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Possibility of igniting Jupiter

  1. Mar 13, 2006 #1
    Now I know the chance that self ignition of Jupiter has less chances than a snowball has to survive in hell. Have there been however serious studies towards the possibility or impossibility of triggering ignition? If the density (Lawson's criterion) and chemical composition (not too many heavier elements) are right, maybe a certain layer could be ignited? Just out of interest.
     
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  3. Mar 13, 2006 #2

    tony873004

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    A planet is not like a dry forest, waiting for a spark to cause a forest fire. Celestial objects ignite (become a star) when the pressures are high enough for fusion.

    If we could just toss a match on Jupiter, it would already be burning. Comet Shomaker-Levy 9 would have done the trick in 1994 (as well as millions or even billions of other things that have slammed into Jupiter over its lifetime).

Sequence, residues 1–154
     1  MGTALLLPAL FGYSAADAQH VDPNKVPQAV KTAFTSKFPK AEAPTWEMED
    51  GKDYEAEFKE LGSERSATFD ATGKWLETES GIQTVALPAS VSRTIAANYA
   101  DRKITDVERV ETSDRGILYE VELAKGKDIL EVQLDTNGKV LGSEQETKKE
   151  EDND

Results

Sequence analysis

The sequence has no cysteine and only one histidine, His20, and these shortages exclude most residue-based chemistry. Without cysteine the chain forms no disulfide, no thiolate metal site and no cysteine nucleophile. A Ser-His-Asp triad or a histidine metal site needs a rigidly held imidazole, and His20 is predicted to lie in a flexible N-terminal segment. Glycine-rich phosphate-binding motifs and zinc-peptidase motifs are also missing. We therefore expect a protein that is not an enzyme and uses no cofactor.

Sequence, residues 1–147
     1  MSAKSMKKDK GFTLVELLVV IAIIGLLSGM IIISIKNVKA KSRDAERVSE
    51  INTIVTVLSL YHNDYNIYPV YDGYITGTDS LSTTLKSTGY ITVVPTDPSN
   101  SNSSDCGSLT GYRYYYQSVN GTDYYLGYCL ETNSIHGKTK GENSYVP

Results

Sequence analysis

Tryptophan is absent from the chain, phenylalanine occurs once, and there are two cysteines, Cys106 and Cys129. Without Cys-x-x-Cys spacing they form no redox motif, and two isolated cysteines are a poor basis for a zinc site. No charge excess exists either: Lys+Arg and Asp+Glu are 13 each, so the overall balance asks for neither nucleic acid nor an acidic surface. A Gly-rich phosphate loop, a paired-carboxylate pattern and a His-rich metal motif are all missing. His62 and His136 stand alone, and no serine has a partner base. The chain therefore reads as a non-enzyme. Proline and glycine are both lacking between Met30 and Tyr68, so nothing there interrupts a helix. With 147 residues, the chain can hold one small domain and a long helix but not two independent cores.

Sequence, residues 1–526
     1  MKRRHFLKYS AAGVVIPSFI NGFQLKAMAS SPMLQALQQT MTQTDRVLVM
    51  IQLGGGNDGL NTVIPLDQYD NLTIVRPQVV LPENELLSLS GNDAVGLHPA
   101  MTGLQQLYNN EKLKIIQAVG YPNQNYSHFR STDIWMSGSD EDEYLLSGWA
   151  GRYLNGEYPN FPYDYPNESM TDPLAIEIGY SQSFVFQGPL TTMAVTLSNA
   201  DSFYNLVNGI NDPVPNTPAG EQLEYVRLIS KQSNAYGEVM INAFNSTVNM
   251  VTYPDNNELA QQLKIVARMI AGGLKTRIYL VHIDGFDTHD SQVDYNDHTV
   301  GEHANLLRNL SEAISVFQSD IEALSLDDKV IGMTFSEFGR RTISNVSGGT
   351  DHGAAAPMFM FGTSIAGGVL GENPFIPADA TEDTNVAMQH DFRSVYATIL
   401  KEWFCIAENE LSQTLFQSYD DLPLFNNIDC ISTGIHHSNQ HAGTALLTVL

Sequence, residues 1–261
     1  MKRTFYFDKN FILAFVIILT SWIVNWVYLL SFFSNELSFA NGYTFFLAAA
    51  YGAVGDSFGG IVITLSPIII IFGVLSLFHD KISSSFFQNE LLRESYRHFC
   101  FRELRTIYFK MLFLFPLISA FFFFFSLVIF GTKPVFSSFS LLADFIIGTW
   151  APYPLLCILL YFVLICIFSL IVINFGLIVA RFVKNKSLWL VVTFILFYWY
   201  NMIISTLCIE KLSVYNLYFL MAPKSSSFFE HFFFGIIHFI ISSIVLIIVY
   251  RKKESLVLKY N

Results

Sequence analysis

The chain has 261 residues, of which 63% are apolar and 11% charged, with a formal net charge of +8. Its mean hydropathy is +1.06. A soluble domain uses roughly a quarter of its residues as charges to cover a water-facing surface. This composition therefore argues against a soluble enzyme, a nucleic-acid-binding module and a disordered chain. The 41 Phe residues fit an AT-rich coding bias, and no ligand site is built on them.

4. Mar 13, 2006 #3

    chroot

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    Stars don't "burn" via chemical combustion, they sustain nuclear fusion with high temperatures and pressures.

    Jupiter has about 1% of the mass it would need to support nuclear fusion.

    - Warren
     
  5. Mar 13, 2006 #4

    SpaceTiger

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    I think that would require a very dramatic event -- the conditions inside of Jupiter aren't very close to those needed for nuclear fusion. The part of the planet where most of the action takes place (the surface) is far, far too low density. Interestingly, though, the surface of a white dwarf can undergo spontaneous nuclear fusion as a result of accretion from a binary partner. This is the explanation for some kinds of novae.